Feminist Newswire

Obama Administration and States in Contention over Transgender Rights

Last night, a federal judge in Texas blocked the Obama administration from enforcing guidelines that extended protections under Title IX to transgender students in public schools.

Afghan Women are Paving the Way for Future Athletes

This week, Afghanistan’s Kimia Yusufi competed against the best of the best in the 100-meter track heat at the 2016 Summer Olympics. She was one of three athletes, and the only woman, representing Afghanistan in Rio.

Sex Testing for Female Athletes Might Become a Thing of the Past

For the first time in over 50 years, women competing in the Olympics have not been subject to sex-testing, a shocking practice that has for years allowed sports governing organizations to police the gender and sex of women athletes, sometimes with devastating consequences.

Chicago Passes Paid Sick Leave Ordinance

Chicago has passed an ordinance requiring that all employers whose business is located within the city limits or who has licensing agreements with the city provide their employees with paid sick leave.

Baltimore Police Completely Neglected Rape Victims According to Department of Justice Report

The scathing report on the Baltimore Police Department (BPD) issued by the Department of Justice last week highlights victims of police misconduct not typically discussed: sexual assault survivors.

President Reallocates Funding in Wake of Zika Crisis

In the wake of Congress’ refusal to pass a Zika funding bill before their five-week August recess, President Obama announced last week the administration’s intent to reallocate $81 million from the Department of Health and Human Services (HHS) to help combat the Zika virus.

New Boko Haram Video Reignites International Concern over Reproductive Health of Rape Victims

On Sunday, Boko Haram released a video reporting the alleged status of hundreds of girls held hostage by the militant group, including the over 250 schoolgirls that were abducted in 2014.

Department of Justice Sues Mississippi for Failing to Provide Adequate Mental Health Care

The Department of Justice filed a lawsuit against the state of Mississippi for failing to provide adults with mental illness appropriate access to healthcare, a violation of their civil rights under the Americans with Disabilities Act (ADA) and Civil Rights of Institutionalized Persons Act (CRIPA).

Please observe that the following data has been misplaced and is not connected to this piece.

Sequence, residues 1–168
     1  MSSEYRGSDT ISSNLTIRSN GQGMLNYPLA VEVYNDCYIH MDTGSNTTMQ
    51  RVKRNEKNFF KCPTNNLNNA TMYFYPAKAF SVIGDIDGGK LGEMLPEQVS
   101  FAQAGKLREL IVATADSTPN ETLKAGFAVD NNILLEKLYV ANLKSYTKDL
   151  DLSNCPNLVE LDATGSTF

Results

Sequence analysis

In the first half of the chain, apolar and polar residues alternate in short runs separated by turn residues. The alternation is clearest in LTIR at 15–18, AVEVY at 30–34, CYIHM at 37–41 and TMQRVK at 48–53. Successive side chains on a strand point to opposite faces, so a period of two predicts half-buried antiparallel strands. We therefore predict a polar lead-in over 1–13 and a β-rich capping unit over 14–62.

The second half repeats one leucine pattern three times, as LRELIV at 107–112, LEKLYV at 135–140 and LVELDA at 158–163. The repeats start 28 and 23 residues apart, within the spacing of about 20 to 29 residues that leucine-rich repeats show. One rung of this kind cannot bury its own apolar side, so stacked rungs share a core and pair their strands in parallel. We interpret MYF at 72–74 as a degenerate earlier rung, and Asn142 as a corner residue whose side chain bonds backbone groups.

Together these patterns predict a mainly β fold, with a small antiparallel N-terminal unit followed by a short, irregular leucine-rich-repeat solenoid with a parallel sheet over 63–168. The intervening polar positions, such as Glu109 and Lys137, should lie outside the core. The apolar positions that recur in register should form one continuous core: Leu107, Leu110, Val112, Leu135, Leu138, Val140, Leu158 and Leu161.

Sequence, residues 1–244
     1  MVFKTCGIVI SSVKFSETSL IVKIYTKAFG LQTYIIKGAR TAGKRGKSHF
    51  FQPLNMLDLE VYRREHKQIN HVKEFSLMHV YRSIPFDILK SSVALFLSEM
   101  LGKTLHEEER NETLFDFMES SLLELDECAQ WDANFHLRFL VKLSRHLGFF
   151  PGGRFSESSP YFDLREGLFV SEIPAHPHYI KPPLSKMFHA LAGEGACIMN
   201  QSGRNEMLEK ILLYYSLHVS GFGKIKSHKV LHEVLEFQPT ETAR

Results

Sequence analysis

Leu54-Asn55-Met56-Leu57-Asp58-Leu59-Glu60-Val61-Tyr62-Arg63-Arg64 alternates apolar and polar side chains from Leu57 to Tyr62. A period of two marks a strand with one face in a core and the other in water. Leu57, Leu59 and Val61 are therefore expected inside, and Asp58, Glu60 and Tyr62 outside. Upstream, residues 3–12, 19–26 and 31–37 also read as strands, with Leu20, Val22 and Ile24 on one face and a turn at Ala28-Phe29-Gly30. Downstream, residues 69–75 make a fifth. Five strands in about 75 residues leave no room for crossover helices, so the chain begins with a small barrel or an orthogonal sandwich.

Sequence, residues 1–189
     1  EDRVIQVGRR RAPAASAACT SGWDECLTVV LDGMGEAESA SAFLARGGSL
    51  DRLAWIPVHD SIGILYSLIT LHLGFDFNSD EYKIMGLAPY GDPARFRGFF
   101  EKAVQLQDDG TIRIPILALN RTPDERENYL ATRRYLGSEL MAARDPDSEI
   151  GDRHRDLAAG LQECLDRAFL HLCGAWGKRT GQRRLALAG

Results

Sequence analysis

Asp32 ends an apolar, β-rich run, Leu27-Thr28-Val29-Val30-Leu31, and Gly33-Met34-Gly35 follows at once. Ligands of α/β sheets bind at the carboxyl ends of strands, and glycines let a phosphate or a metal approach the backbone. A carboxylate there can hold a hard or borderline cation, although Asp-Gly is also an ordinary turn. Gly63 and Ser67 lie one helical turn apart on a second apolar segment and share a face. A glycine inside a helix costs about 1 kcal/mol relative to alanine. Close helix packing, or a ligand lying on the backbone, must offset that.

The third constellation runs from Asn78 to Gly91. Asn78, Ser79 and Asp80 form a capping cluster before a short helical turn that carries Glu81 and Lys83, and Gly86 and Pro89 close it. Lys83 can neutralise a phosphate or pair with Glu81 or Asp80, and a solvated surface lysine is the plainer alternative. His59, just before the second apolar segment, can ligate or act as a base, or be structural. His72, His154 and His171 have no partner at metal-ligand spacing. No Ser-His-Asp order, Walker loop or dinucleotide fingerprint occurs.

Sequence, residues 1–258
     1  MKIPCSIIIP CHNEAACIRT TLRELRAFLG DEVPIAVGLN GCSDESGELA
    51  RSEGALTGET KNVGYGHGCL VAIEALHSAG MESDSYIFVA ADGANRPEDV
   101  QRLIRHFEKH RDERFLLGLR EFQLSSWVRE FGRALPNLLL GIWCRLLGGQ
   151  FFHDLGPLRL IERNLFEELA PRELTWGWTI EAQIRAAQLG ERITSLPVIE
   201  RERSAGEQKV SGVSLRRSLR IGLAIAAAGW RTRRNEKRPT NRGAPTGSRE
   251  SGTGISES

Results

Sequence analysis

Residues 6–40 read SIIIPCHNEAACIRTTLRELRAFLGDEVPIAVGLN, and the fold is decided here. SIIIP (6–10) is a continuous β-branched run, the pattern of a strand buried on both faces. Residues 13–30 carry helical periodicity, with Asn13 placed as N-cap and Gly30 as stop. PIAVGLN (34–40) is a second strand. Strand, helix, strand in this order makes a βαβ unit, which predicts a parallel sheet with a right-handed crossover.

India’s Only Newspaper Run Entirely by Women Goes Digital

India’s only newspaper produced exclusively by women, Khabar Lahariya (New Waves), continues to break down barriers by going digital, posting video reports and instant updates on WhatsApp and Facebook.

US Policy on Abortion for Women and Girls Raped in Conflict at Odds with International Law

On the 67th anniversary of the adoption of the 1949 Geneva Conventions, a series of treaties concerning the rights and protections of noncombatants, prisoners, and those injured during armed conflict, the United States continues to overlook one of its most important protections: the right of the “wounded and sick” to non-discriminatory medical care .

Judge Rules Planned Parenthood Shooter is Still Not Competent to Stand Trial

A Colorado judge today ruled that Robert Dear, the man who has admitted to carrying out the 2015 shooting at a Colorado Springs Planned Parenthood, remains mentally incompetent to stand trial.

Feminist Leaders Marched the Olympic Torch through Brazil

The 2016 Olympic Summer Games began with the traditional parading of the torch throughout the country, including in Fortaleza, where two leaders of Brazil’s feminist movement led the march through the northeastern city.

Department of Justice Report Finds Baltimore Police Department Saturated with Civil Rights Violations

The Justice Department has issued a scathing 163-page report finding that the policies and practices of the Baltimore Police Department systematically violate the civil rights of black residents.

Canada Forms Commission to Investigate Murdered and Missing Indigenous Women

Carolyn Bennett, Canada’s Minister of Indigenous and Northern Affairs, announced new details concerning a highly-anticipated national inquiry into the disproportionate rate of murders and abductions of indigenous women in Canada.

Obama Shortens Sentence of 214 Federal Inmates

President Obama shortened the sentences of 214 federal inmates last week, the largest number of commutations granted on a single day in more than a hundred years.

Ibtihaj Muhammad Is the First American to Compete in the Olympics Wearing a Hijab

This summer Ibtihaj Muhammad is the first American to compete in the Olympics while sporting the hijab, a headscarf some Muslim women choose to wear.

Reproductive Health Care Providers Prevail in Spite of Anti-Abortion Protests

National anti-abortion extremist groups attempted to intimidate and harass abortion providers and patients in Cleveland, Philadelphia and Wichita this July.

We Must #SayHerName: Korryn Gaines

Korryn Gaines, a 23-year-old African American woman, was shot and killed in her home by Baltimore County police officers on Monday afternoon.

Peru Fails to Prosecute Former President for Mass Forced Sterilizations

Peru’s public prosecutor Marcelia Gutiérrez declined to prosecute former president Alberto Fujimori and his health ministers for the forced sterilization of hundreds of thousands of people in the late 1990s.

Moderate Republicans Sweep Kansas State Legislature and Senate, Ousting Conservative Incumbents

On Tuesday, moderates swept the Republican primary races in Kansas, ousting 14 conservative state legislator incumbents, and ushering another 7 moderates into open seats, a sign that many Kansans are not happy with Governor Sam Brownback’s slashes to government services.